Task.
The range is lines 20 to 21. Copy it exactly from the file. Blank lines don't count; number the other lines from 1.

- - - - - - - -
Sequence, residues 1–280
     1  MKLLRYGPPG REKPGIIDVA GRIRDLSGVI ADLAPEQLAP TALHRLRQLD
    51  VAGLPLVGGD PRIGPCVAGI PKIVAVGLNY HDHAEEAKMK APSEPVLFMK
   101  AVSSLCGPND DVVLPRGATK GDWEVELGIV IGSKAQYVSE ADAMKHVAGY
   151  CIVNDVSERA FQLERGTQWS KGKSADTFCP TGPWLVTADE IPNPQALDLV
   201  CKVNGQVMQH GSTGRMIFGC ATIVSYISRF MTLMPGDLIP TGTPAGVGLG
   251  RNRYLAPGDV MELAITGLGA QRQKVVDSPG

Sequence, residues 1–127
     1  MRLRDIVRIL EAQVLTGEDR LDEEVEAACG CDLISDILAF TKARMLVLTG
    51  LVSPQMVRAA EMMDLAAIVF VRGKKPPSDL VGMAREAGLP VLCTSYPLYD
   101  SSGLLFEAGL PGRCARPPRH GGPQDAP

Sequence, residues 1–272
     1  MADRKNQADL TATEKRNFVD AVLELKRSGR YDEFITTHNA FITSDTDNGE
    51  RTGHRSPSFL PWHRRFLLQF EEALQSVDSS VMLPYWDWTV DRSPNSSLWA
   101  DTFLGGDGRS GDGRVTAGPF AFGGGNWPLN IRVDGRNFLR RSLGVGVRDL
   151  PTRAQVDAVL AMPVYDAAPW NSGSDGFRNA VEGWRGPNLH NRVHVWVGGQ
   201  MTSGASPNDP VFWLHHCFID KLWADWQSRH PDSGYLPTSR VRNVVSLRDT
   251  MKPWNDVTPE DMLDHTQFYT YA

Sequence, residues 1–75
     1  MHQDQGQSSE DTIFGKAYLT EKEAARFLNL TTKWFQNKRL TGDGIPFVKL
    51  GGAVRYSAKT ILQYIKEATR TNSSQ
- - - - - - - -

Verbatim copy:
     1  MHQDQGQSSE DTIFGKAYLT EKEAARFLNL TTKWFQNKRL TGDGIPFVKL
    51  GGAVRYSAKT ILQYIKEATR TNSSQ